If he is unable to meet such simple standards, how will he be able to live with much more complicated government practices? In other words, you have to show that you are the boss of interaction within the rules or you will be disqualified by your opponent. The FN candidate thus forced Emmanuel Macron to invoke "courtesy" in order to have the opportunity to continue to make his point.

Frontal attacks

Rather than sending targeted messages through the presentation of programmatic proposals or in rebuttal of opposing proposals, Marine Le Pen has increased frontal attacks and intox (19 were counted by "The decoders" of the newspaper The World) throughout the debate, regardless of the topic under consideration.

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It induces Macron's scathing responses like:

"A large company will not be able to pay in euros on the one hand and pay its employees in francs on the other. It never has been, Mrs. Le Pen. That's a lot of nonsense. »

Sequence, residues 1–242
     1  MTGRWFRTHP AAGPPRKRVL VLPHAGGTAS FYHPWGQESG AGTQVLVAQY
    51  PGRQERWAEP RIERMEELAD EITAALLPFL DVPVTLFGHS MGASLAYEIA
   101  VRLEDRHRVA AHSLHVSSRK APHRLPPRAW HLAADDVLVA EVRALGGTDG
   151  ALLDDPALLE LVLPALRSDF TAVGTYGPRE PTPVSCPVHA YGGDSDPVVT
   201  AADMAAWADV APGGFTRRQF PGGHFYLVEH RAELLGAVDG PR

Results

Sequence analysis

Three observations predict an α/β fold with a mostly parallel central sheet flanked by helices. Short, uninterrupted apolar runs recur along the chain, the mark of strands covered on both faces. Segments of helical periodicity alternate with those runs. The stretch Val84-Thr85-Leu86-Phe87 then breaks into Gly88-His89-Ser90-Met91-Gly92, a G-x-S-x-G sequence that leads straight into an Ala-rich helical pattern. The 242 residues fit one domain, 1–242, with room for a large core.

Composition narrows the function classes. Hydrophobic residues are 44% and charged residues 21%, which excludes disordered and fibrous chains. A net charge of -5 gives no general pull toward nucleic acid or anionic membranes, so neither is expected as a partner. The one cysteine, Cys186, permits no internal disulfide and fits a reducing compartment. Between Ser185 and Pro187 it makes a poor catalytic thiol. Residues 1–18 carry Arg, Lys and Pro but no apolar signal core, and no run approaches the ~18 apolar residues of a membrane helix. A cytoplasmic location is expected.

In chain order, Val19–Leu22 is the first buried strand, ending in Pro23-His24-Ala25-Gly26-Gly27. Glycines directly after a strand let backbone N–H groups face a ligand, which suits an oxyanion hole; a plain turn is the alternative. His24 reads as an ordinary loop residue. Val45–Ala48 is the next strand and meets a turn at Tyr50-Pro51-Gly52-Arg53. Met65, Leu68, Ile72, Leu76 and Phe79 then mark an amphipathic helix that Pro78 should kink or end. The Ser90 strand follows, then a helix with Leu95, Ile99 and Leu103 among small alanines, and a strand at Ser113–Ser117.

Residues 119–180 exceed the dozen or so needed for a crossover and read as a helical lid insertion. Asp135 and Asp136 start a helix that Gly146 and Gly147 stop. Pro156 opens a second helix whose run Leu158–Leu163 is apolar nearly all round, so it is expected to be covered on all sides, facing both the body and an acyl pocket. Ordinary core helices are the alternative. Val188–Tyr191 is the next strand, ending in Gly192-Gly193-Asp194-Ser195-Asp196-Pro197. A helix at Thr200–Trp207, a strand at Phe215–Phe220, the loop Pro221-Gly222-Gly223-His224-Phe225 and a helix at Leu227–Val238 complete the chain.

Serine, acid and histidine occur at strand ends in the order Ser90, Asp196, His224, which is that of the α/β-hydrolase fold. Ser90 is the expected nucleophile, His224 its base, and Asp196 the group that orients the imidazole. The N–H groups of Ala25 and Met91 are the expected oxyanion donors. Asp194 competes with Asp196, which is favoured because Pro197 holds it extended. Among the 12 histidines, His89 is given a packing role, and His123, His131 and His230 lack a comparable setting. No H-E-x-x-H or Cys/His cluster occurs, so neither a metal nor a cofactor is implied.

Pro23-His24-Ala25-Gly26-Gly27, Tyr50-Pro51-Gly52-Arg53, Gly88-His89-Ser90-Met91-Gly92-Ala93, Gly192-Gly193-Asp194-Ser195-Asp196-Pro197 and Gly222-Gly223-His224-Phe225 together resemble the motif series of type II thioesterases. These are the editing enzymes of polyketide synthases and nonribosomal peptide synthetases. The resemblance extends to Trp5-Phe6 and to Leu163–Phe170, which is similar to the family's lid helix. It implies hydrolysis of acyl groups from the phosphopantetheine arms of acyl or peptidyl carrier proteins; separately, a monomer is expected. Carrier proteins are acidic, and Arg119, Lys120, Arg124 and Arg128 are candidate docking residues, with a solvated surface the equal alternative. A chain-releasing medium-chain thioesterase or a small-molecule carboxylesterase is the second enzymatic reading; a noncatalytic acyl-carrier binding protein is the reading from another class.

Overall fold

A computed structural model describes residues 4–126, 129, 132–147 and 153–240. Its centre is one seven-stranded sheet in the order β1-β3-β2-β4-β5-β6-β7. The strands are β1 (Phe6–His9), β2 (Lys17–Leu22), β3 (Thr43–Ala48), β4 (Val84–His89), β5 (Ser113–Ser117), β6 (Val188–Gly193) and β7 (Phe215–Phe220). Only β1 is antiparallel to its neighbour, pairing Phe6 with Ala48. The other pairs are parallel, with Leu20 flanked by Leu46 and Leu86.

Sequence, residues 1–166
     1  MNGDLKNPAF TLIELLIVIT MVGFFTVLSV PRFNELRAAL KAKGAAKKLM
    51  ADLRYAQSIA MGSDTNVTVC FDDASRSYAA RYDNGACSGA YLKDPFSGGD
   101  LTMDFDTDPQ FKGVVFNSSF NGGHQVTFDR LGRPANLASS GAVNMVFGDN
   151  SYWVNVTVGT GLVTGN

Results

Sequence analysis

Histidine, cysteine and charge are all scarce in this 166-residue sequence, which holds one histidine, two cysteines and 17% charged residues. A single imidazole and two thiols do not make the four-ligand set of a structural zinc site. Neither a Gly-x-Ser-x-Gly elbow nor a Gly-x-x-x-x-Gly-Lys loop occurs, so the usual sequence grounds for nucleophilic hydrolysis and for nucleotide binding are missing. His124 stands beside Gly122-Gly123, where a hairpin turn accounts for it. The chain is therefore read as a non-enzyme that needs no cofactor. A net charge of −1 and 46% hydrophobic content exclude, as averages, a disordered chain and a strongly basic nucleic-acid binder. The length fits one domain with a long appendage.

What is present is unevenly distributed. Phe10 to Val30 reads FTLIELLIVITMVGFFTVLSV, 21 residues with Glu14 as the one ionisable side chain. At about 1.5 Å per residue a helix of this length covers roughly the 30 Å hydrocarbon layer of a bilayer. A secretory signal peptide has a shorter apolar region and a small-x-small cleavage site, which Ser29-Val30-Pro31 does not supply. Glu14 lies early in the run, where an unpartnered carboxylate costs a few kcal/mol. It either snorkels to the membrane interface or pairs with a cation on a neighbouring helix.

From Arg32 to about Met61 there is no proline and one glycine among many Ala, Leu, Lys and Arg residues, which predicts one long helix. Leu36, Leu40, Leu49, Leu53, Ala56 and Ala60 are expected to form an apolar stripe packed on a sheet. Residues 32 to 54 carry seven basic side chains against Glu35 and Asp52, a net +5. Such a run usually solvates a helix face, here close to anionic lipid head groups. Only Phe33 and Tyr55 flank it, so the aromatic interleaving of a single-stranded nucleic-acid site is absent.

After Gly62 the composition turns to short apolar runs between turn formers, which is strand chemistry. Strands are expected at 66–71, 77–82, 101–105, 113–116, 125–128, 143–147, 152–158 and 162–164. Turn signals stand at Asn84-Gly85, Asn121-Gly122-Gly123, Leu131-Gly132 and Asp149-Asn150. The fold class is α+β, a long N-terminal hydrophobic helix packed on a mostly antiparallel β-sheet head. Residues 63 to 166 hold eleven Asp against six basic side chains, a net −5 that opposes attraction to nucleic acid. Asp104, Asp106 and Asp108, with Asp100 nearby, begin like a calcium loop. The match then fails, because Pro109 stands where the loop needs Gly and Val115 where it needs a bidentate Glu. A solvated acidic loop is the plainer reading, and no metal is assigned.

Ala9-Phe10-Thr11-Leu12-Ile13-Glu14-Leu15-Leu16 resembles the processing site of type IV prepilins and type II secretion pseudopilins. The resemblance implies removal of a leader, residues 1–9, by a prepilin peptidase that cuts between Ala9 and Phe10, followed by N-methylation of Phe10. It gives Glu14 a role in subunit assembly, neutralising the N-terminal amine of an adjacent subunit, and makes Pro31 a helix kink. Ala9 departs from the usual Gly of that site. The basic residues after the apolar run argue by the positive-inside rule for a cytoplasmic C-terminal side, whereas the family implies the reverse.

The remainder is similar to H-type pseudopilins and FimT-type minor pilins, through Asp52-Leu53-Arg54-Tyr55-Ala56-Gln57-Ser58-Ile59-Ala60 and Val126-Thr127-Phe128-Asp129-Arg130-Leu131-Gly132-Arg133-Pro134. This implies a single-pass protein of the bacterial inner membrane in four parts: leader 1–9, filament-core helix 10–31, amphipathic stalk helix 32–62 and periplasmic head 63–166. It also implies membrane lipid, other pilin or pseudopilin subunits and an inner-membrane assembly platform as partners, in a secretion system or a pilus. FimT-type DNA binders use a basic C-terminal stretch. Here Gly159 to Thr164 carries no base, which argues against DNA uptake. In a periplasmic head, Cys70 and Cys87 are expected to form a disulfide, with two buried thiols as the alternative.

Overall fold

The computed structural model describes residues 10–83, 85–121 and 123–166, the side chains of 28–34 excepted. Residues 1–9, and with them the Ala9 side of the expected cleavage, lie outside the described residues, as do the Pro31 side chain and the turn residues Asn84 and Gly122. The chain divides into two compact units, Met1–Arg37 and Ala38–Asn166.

By her invective she forced Macron to denounce the "nonsense" and continuous "lies" of her opponent, for example on the level of unemployment in 1990 or on the exit from the euro:

"You're talking a lot of nonsense. »
"Don't lie again. »
"You are conducting a campaign of lies and falsifications. »

She has blindly bumped into the programme's critic and the personality of the opponent to reduce it to an heir of François Hollande, who is otherwise "subject" to private interests, Angela Merkel and theUOIF. Far from representing a "peaceful France", which she wanted to embody for a moment in the countryside, Marine Le Pen has rediscovered her father's most virulent accents and has perhaps ruined in two hours six years of work devoted to dedicating the National Front.